2015 Recipients


Kemi Ilesanmi

The Laundromat Project (New York, NY)

The Laundromat Project brings socially relevant and socially engaged art, artists, and arts programming into laundromats and other everyday spaces. By amplifying the creativity that already exists within communities, they build community networks and help solve local challenges. The Laundromat Project envisions a world in which artists are understood as valuable assets in every community and everyday people know the power of their own creative capacity. The Laundromat Project is particularly committed to long-term and sustained investment in communities of color as well as those living on modest incomes. The LP supports artists who want to better leverage their creative practice to be agents for change in their own neighborhoods through Create Change: a series of inter-connected programs, including residencies, commissions, and a professional development training program for artists interested in deepening their community-based creative practice. They have almost 80 artist alumni across NYC. The LP also offers community arts education programs for all ages.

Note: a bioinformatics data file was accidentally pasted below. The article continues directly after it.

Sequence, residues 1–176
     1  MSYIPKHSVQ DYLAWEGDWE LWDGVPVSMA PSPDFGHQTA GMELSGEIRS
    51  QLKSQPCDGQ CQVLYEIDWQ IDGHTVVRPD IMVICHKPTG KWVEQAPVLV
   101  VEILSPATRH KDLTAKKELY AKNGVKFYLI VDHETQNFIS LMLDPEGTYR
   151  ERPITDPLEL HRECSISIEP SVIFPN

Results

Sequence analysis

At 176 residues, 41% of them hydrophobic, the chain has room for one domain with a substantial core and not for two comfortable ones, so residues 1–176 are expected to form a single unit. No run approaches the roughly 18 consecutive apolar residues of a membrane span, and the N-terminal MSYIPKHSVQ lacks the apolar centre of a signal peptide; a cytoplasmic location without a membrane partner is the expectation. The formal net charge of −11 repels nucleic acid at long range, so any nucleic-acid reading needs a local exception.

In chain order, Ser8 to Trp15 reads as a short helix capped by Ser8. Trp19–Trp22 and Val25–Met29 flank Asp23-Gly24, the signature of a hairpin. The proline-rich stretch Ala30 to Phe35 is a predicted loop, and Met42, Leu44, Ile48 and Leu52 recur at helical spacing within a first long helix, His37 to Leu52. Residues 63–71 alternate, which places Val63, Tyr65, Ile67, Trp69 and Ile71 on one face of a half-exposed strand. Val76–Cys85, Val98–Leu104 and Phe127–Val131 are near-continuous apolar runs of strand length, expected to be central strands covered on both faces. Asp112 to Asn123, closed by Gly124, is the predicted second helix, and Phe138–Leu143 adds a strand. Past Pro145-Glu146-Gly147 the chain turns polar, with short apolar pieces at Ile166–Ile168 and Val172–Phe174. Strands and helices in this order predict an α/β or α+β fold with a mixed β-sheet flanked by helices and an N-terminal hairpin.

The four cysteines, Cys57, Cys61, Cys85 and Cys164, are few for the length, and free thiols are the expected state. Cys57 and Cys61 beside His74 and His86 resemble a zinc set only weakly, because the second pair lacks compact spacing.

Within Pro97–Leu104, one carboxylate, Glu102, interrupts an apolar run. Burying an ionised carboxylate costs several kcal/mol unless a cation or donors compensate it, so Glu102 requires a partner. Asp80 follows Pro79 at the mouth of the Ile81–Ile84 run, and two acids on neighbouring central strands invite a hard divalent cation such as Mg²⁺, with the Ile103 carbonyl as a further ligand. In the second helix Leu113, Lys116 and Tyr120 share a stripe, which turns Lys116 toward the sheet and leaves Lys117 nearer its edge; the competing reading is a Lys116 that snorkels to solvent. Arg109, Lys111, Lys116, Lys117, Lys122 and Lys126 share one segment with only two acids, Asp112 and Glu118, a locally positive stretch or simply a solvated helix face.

Through their recent 10-day People-Powered Challenge, The LP raised over $27,000 from more than 500 donors across the city and beyond. 

What is one piece of advice you would give to aspiring arts entrepreneurs?

Find a band of merry supporters among your peers. Meet, drink, exchange advice, and support one another on your professional journeys. I’ve learned so much from my ‘ED Club’.

L to R: Sarah Wilke,Lane Czaplinski, Monique Courcy

OnTheBoards.tv (Seattle, WA)

In 2010, On the Boards theater launched OntheBoards.tv, a website that delivers full-length, high quality contemporary performance films to your TV, desktop or mobile device. They are one of the first contemporary performance organizations to begin filming works by top caliber artists with multiple high-definition cameras, collaboratively editing the films with the artists, and delivering feature-length performance films to audiences around the globe. Fans of contemporary performance have better access to artists they want to see regardless of where they live and their busy schedules, at affordable prices.